I appreciate your opinion, and I respect your right to disagree with Huckabee. That’s really all I’m saying about Huckabee and Bush. Being part of the SBC, which you speak of, though not Arkansas, I can tell you that your philosophy is very prevelant among my friends in ministry. I too have possessed the opinion that silence is more constructive than public disagreement with partners, for the sake of the “system” or the common purpose.

    But if a man is running for the office of President, not of the Arkansas Baptist Convention, but the USA, then he better be able to voice his opinion about how things have been handled by the former President.

    I’m not sure I care what you think about Huckabee’s theology. It sounds like you have already judged that for yourself. And I am not informed about his Presidency in ABC years ago. You must be right about his denominational politics or cooperation, even among more moderate brethren.

    I am as conservative as anyone theologically, i assure you. Still I believe one of the forgotten principles of Southern Baptist unity is that of cooperation. There are things we must never even allow debate about, such as Biblical authority. God’s Word is true, and it really doesn’t matter what the liberals say. But we have to learn to better cooperate with people who have the essential right, who may disagree on some of the more diagreeable matters.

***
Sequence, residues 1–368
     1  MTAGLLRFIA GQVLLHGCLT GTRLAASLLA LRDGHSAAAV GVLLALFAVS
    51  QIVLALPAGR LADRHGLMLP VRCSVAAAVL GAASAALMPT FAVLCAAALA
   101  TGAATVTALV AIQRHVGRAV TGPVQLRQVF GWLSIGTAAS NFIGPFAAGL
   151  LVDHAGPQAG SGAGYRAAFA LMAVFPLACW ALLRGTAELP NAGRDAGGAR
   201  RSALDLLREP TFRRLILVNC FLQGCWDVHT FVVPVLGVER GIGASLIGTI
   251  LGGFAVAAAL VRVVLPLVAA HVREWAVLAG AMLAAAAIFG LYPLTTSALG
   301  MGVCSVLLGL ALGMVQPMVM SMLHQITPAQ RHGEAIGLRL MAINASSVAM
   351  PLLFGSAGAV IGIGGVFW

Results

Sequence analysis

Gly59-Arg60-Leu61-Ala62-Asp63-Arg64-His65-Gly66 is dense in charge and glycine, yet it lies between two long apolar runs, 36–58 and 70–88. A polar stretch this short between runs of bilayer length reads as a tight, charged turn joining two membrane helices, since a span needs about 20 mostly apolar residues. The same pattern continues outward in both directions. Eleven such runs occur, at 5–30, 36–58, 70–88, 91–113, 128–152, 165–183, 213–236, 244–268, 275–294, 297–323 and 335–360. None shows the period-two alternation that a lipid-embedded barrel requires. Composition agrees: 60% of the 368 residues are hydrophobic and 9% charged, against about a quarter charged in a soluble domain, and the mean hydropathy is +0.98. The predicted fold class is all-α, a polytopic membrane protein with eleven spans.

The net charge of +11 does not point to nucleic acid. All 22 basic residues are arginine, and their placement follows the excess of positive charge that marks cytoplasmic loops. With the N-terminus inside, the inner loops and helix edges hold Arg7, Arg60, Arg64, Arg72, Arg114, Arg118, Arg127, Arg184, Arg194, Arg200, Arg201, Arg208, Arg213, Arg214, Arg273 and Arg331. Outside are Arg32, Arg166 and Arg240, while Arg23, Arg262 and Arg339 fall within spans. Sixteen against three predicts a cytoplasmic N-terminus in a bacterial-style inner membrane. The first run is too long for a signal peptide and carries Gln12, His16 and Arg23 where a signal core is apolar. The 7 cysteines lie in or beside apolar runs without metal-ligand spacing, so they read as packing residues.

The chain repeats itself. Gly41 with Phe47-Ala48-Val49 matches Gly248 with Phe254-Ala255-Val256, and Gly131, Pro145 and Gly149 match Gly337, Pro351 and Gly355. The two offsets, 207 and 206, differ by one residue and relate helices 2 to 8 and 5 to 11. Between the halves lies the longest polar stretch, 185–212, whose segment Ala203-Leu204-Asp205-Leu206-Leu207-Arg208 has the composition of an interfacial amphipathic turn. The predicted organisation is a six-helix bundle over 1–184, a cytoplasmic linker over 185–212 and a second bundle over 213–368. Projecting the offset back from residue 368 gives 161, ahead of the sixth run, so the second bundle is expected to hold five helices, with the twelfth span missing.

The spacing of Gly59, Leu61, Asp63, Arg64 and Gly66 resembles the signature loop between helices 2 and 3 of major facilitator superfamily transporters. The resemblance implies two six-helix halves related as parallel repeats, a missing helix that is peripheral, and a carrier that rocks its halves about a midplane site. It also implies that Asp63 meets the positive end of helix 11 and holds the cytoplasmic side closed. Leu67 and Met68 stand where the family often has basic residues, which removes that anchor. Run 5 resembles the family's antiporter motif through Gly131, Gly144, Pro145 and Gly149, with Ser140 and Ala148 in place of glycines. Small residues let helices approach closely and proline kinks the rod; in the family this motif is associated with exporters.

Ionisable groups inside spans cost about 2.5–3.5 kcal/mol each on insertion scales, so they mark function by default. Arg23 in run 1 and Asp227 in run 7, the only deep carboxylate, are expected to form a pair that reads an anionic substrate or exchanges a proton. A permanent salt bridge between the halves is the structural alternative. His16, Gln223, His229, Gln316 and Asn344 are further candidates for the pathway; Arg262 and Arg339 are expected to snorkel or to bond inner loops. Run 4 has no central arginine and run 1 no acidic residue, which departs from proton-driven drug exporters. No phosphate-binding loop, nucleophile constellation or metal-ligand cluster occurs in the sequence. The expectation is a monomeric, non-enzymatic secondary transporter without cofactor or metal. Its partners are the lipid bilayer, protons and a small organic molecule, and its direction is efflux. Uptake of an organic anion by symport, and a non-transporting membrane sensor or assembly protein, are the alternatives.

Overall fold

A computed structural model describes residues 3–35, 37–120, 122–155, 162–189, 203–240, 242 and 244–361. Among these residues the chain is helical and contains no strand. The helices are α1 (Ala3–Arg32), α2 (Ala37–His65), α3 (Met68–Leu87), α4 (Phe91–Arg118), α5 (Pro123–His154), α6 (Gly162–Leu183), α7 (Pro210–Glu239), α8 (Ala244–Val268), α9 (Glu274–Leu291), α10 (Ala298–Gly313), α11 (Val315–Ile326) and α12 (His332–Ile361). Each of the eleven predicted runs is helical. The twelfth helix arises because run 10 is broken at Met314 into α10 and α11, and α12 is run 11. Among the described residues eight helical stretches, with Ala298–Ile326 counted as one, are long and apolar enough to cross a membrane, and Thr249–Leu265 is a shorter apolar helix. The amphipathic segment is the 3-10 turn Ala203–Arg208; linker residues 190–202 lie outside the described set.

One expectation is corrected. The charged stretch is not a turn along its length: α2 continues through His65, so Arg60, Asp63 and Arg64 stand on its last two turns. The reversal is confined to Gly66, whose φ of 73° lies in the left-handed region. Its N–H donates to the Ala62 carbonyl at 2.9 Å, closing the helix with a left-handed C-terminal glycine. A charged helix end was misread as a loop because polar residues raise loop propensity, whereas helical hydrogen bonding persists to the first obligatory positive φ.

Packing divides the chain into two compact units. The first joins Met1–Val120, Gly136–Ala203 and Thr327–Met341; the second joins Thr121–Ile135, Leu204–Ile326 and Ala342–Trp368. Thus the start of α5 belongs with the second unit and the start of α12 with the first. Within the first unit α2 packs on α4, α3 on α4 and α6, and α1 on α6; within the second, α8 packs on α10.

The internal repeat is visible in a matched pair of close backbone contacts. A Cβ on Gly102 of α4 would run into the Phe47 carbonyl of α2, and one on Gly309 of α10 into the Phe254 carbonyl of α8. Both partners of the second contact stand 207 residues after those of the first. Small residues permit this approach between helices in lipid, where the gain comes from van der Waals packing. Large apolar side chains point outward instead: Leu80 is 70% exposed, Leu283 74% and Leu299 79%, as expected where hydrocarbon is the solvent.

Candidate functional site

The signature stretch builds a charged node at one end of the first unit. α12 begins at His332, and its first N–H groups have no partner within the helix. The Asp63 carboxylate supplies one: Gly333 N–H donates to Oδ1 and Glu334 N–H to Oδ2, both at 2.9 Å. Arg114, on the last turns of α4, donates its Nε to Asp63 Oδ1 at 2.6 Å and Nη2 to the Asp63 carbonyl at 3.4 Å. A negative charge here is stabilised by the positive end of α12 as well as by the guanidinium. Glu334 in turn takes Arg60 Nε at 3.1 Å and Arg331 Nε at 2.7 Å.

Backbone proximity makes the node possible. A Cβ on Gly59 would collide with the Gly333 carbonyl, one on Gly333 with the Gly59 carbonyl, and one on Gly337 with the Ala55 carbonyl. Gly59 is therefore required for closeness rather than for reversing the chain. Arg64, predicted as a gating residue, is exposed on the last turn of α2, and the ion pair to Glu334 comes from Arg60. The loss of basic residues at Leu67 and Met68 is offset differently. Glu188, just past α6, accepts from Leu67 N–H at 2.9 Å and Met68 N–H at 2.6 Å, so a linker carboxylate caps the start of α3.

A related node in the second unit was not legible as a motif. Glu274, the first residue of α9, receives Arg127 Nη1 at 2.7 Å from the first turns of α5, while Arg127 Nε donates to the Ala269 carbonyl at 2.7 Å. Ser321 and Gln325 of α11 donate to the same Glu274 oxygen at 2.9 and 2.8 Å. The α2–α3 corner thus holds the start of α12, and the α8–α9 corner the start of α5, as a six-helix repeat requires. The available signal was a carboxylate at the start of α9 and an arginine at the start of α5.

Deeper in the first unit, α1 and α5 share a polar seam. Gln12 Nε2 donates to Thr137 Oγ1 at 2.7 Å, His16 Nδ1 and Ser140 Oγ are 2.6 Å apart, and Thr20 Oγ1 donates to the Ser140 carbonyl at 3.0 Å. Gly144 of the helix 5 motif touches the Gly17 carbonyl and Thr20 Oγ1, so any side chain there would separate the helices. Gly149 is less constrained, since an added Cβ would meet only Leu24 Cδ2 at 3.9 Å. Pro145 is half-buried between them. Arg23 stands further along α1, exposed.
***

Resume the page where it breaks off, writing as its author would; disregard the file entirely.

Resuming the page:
Again, I respect you, and appreciate your discussion. But things like “that floating cross/bookshelf” are a joke. We can become so critical trying to prove our point, that we lose sight of all rational thought. IT IS A BOOKSHELF. So, instead of thanking God for a man who was willing to do the politically incorrect thing (saying Christ at Christmas time) you criticize a bookshelf in the background.

  10. Jack Brooks says:

    I don’t care that it was a cross. I’m glad it was a cross. But you have to be very, maybe willfully, naive to believe that they didn’t know that it was a cross.

    The idiot conniptions of the extreme left against a man doesn’t make him a good candidate. The enemy of my enemy is not necessarily my guy. And no, the kind of Baptists I’m talking about don’t even deserve an ordination credential, let alone a pulpit or a state convention administrative position. The kind of Southern Baptist I’m talking about is an enemy of Christianity. If they started getting hold in the EFCA, I would apply myself to driving them out, root and branch. They are a cancer. There is no room for cooperation with true liberals in any Christian endeavor. But once a man gets used to that sort of accomodationism — once he learns to place Baptist unity ahead of the Bible’s teachings about church discipline (which Southern Baptists never exercise), and learns how to zig and zag to keep most conservatives and most liberals mostly content with him — then he’ll do the same with the secular liberals in Congress.

  11. Wayne Bray says:

    I hate to admit it’s refreshing to hear someone who considers the SBC “accomodating” to liberals. We are so often accused by the secular media of being a large group of fundamentalist wacko, that it’s good to hear your critique.

    I have never lost sleep over the characterisation of the blind media, but I am grateful again for your perspective. I do not want to end this post with you thinking me to be a sympathizer to liberals. I assure you, that is not the case. Thank you again for your opinion, and may God bless us both as we seek His will in this decision.

  12. Jack Brooks says: